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TECHNOLOGY ASSESSMENT IN MEDICINE: AN AUSTRALIAN PROPOSAL
A large part of the increasing cost of health care services is often attributed to the introduction of new technology. While a review of the literature reveals that the evidence to support this view is ambiguous, it does indicate that the unregulated market fails to discriminate well between effective and ineffective health care technology. In some cases it has permitted the proliferation of medically harmful technology. At present Australia does not have a regulatory mechanism for ensuring the efficient use of new technology. The present paper suggests how such a mechanism could be established and the incentives that would be necessary to encourage the proliferation of only effective and efficient medical technology.
TECHNOLOGY TRANSFER REVISITED: RECENT TRENDS AND DEVELOPMENTS
Technology transfer between countries is a complex process which takes many forms. This paper examines aggregate statistics to give a picture of recent developments in international licensing, R & D performed by foreign firms and foreign direct investment. These general developments provide the context for the evolution of firm strategies and the elaboration of government policy.
RESEARCH INTO THE CONSUMER ADOPTION OF NEW SERVICES TECHNOLOGIES: A CRITICAL REVIEW
Robin N. Shaw
Consumer research into new technologies in the retail services area has evolved from unsophisticated industry studies. Focusing on point-of-sale scanning systems, various research studies are reviewed following an indication of the more general conceptual bases which could be relevant internationally. Some proposals are made to encourage more theory-driven research.
RESEARCH FUNDING IN AUSTRALIA: A VIEW FROM THE NORTH
This paper seeks to contribute to the continuing controversy in Australia on the best way to deploy that country’s scientific and technological research and development (R & D) resources. It puts forward and discusses some policy options relating to the ‘restructuring’ of the Australian R&D system currently underway, for the consideration of the research community and those responsible for the research policies. In particular, the paper comments on how overall objectives and priorities for R&D can be set, the need for evaluations of the research and development that is conducted, the need to develop a dialogue between the public and the scientific community over the setting of research and development directions.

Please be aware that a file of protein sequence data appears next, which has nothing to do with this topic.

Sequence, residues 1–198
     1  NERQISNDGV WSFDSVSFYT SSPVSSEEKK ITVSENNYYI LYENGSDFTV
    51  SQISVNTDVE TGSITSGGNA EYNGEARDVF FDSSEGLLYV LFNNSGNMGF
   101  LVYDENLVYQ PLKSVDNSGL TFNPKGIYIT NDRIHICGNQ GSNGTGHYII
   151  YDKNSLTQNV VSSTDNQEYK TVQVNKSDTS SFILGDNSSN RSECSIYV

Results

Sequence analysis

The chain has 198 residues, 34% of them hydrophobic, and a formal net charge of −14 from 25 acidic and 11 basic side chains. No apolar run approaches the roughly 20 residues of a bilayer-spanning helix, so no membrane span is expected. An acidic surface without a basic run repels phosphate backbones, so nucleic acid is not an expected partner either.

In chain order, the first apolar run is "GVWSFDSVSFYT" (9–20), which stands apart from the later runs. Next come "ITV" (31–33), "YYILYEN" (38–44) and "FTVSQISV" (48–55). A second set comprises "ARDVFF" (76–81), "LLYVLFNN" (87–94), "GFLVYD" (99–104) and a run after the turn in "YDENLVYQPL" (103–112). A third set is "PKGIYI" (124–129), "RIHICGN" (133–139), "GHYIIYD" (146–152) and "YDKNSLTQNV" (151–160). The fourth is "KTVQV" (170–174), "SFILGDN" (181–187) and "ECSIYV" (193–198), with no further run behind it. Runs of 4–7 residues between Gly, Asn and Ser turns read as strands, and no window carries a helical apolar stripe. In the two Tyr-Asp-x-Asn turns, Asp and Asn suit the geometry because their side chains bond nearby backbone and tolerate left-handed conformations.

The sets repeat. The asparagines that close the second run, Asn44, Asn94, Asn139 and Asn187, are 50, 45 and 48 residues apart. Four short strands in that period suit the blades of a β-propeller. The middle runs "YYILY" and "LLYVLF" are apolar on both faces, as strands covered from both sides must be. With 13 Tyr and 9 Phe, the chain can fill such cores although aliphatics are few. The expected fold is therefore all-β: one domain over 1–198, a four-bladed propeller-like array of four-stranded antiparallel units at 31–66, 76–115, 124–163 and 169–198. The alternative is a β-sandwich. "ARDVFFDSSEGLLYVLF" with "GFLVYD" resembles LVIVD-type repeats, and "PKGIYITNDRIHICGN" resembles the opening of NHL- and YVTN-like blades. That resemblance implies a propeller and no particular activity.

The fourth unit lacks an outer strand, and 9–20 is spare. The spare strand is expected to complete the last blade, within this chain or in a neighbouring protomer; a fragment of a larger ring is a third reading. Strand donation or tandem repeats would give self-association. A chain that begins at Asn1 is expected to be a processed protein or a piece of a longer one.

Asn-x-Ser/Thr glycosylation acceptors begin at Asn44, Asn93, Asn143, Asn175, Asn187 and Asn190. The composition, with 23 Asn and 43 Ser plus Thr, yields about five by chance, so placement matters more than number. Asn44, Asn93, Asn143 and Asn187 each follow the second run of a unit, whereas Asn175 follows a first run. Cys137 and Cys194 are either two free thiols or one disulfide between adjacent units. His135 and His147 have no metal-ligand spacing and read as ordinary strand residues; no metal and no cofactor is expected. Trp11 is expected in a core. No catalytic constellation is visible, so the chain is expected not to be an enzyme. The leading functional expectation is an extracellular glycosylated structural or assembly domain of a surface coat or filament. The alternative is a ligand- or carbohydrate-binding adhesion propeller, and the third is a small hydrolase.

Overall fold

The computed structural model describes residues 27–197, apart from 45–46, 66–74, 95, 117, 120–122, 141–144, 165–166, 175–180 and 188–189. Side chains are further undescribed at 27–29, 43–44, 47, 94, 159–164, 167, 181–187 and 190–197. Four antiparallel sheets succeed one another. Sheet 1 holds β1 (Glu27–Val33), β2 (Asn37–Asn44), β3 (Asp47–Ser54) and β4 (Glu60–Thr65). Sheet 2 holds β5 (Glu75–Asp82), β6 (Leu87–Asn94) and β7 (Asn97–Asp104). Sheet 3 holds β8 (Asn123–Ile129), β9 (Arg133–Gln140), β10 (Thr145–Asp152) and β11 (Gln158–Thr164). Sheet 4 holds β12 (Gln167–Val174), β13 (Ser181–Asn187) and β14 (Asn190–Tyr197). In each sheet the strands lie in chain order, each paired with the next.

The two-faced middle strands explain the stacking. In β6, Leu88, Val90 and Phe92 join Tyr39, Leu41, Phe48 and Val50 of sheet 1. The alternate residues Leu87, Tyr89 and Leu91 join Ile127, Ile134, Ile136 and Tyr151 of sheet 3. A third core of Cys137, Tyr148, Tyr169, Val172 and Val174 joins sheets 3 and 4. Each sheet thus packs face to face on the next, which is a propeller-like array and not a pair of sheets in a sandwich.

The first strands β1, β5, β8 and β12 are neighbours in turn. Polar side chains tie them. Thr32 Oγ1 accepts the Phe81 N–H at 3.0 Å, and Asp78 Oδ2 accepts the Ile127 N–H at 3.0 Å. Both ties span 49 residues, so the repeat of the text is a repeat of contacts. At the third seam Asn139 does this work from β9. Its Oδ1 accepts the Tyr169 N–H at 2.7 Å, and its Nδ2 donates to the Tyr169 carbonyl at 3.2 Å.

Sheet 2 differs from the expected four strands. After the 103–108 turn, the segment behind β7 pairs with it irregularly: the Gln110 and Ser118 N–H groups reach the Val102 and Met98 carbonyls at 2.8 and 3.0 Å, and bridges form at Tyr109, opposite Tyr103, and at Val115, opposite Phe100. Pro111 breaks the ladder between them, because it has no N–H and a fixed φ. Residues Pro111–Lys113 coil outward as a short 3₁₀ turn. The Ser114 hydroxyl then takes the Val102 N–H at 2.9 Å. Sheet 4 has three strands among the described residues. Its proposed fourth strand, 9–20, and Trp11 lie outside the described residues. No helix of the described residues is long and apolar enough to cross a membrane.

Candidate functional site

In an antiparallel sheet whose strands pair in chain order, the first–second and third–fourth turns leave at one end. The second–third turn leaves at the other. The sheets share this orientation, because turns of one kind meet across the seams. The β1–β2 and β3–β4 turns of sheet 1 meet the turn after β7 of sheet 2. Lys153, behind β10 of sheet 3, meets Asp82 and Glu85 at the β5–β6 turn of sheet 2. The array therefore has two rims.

THE ELECTRONICS MANUFACTURING INDUSTRY IN WESTERN AUSTRALIA: TECHNOLOGICAL INNOVATION IN A MIDDLE ECONOMY
André Morkel & John Syme
The electronics manufacturing industry of Western Australia consists of a group of innovative technology-based firms in a regional middle economy. Four basic strategies were identified where local manufacture and local technological entrepreneurs are able to develop viable businesses with little or no protection and only modest (if any) government support. The circumstances of the firm’s establishment, whether market driven, technology driven, capital driven or oriented towards local business only, persisted in shaping the strategic orientation of the company, at least in the present stages of the industry. The companies do not compete directly with multinationals in consumer markets, but rather are oriented towards specialised industrial markets using niche strategies.
INTERNATIONAL SCIENTIFIC CO-OPERATION, TECHNOLOGY TRANSFER AND AID: ASEAN COUNTRIES, AUSTRALIA AND NEW ZEALAND
This paper considers the scope for beneficial scientific co-operation and technology transfer among ASEAN countries, Australia and New Zealand in the light of differences in the development status of these countries, their proximity to one another, their resource endowments and other factors. Australian official science and technology aid in the ASEAN region (which of necessity involves some co-operation between the donor and aid recipients) is considered as well as recent initiatives of the Australian Department of Science to promote fully co-operative (‘non-aided’) R&D in the region. Two examples of regional co-operation in R & D are considered briefly, namely the development of a malaria vaccine and giant clam farming.
COMPUTER USERS AS MEDIA AUDIENCES
Virginia Nightingale & Ian Webster
This paper draws attention to the changing nature of the range of experiences people currently engage in as computer users. It is argued that computer-based technology is a medium of communication, following similar patterns of development to other media, and employing specific codes of representation and presentation to construct images of the world. It is suggested that the development of increasingly user-friendly programs simultaneously increases access to the medium while distancing users from control of the means to program images. The term computer is used to mean computer-based technology, and the term computer program for the delivered experience of the hardware and software.
NEUTRALITY IN SCIENCE POLICY: THE PROMOTION OF SOPHISTICATED INDUSTRIAL TECHNOLOGY IN ISRAEL
This paper provides a review of Israel’s science and technology policy and traces the growth and development of technology intensive industry in that country. Such policy has generally been neutral with regard to industry, technological field or class of product; concentrates on industrial R & D directly performed in industrial firms; and is an integral part of overall national industrial policy — being centred in the Ministry of Industry and Commerce. Drawing upon case studies and other statistical evidence, the paper argues that such policy has been partly responsible for Israel’s success in building up an indigenous, export-oriented, high technology sector.